Future of Industrial Software

The industrial software is applicable right from when a plant is built, through to commissioning and operation. Models that are used in the design of a plant can also be used when running it to optimize the process and allow owners and operators to take advantage of new business opportunities as they present themselves.

The multitude of devices in a modern industrial plant creates enormous amounts of data that can be leveraged and used to make improvements in the day-to-day operations. There’s been a great deal of discussion on the Internet of things these days. For industrial operations, this has existed for many years. Real-time historian software can gather many process values and consolidate them into a long term storage which can be used for reporting, troubleshooting and analysis. Furthermore this information can be made available to office workers mobile employees, business, engineering and maintenance departments. Data can also be fed to business systems provide information needed for accounting and supply chain management. Two of the newest enhancements in industrial software include, firstly the ability to capture and encapsulate workflows to make the running of the operation much more systematic and productive. Secondly with the advent of cloud computing some industrial software functions that span geographical areas and involve the interaction of multiple parties can be placed in a secure and remote data center environment. This also leads to new business models such as software as a service to remove the need for large initial capital expenditures, allowing the purchase of software as an operating expense. The ability to integrate together the entire operation, quickly modify it to take advantage of new opportunities, processes and procedures sets Software Technology as a valuable asset for any industrial operation today.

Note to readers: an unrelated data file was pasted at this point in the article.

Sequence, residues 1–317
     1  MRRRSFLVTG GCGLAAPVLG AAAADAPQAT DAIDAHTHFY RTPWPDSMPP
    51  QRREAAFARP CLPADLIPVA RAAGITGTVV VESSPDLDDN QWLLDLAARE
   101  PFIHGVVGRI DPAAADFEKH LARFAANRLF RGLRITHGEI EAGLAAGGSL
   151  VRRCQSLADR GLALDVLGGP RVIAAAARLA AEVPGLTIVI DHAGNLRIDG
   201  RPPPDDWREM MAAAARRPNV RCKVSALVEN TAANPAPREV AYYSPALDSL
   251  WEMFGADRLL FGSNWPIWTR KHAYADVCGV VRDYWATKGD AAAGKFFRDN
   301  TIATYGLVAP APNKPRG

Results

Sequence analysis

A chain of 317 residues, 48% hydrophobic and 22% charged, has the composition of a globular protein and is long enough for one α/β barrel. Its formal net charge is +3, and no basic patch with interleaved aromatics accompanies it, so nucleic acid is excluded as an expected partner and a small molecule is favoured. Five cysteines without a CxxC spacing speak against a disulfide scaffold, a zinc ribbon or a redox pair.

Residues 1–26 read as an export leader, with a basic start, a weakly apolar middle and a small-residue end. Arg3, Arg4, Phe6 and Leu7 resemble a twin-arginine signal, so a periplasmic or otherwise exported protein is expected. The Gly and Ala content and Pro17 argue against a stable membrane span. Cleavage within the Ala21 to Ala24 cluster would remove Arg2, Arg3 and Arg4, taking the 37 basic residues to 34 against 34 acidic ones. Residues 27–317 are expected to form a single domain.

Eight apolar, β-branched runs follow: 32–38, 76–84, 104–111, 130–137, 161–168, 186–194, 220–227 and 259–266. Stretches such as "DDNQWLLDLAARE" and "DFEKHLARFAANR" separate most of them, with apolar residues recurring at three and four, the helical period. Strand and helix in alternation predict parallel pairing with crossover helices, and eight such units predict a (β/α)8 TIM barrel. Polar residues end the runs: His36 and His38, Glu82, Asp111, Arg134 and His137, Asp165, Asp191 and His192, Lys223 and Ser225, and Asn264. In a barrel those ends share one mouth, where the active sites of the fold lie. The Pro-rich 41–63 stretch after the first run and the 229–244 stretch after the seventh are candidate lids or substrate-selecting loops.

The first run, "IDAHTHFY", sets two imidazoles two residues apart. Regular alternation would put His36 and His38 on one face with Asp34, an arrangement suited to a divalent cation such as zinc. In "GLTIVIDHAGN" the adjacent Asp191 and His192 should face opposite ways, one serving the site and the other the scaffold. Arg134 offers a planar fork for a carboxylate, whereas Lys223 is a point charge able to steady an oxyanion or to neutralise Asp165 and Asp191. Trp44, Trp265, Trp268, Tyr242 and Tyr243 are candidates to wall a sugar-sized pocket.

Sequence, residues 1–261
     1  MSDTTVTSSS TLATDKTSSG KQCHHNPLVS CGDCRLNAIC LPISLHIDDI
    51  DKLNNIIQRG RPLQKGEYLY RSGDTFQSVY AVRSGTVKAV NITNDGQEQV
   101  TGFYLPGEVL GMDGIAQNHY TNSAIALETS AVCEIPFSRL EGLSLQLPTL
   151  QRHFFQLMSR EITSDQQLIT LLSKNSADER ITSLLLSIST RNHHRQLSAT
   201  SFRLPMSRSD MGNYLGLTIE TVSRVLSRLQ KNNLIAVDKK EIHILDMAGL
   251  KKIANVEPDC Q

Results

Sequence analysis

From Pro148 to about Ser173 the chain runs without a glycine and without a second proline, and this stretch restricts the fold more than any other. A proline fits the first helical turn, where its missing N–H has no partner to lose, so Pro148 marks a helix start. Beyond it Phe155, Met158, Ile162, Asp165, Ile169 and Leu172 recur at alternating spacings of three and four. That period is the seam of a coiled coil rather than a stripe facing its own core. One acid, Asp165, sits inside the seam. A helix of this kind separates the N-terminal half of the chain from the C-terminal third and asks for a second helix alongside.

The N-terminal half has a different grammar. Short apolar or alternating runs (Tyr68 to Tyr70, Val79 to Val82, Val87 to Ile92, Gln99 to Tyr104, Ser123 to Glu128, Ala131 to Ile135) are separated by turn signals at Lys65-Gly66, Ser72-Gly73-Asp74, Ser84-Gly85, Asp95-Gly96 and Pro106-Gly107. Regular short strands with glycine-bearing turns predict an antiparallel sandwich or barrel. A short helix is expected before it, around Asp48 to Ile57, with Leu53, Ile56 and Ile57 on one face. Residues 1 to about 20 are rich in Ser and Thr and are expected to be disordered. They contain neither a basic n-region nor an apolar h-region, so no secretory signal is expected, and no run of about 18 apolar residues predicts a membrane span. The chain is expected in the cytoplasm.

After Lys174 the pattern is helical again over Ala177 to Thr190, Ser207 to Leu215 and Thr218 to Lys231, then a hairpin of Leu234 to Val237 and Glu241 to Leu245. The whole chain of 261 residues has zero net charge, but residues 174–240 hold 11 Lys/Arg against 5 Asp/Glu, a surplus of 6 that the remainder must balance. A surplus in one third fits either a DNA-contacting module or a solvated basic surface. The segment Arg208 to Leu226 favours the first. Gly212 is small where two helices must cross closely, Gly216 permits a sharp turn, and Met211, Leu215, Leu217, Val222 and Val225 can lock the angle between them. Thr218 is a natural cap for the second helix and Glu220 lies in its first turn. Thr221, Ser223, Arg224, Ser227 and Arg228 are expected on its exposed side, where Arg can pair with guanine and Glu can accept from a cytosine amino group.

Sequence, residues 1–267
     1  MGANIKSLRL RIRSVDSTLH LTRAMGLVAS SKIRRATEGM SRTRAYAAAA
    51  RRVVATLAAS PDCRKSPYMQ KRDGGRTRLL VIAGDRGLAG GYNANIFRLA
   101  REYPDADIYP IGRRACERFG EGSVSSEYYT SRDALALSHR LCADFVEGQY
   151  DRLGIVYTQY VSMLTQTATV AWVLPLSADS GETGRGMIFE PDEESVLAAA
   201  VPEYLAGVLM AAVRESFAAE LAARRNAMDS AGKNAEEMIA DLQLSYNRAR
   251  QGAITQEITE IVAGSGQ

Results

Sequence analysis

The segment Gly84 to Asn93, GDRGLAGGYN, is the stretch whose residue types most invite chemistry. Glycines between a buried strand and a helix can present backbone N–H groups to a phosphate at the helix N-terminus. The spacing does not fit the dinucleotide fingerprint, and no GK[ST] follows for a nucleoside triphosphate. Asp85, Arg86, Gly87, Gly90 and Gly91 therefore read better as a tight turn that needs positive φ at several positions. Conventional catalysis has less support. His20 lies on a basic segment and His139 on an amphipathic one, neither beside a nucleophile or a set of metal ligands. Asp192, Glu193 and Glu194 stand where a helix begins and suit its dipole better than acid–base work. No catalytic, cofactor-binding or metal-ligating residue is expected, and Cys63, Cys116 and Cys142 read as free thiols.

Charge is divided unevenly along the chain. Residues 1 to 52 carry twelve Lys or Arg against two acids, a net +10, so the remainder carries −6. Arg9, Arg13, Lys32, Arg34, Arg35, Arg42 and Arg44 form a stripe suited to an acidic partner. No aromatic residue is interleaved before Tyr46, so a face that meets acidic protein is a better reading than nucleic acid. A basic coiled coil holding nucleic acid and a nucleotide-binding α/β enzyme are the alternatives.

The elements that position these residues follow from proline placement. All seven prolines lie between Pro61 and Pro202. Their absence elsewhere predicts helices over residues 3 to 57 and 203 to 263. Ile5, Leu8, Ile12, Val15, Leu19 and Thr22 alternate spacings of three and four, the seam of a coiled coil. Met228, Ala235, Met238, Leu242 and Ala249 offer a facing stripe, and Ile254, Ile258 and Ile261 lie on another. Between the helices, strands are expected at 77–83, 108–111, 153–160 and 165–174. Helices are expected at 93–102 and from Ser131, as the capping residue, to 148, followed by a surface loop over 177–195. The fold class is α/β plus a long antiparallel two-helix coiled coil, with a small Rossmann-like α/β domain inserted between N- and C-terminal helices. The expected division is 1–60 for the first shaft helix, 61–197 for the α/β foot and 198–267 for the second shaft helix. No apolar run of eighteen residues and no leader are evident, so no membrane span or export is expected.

Some examples I can share with you include a major integrated oil company that applies optimization software and saves upwards of $500 million per year in operating costs. This is achieved through the ability to optimize and control energy costs .

In addition, by applying manufacturing execution systems software a major food company can save 30% in their overall operating costs through better quality control, reduction in downtime and better correlation of raw material costs, energy and finished goods accounting.

Today’s industrial software has evolved to help businesses unleash the power of data inside the plant to be able to unify islands of automation for the next generation of operations management systems.

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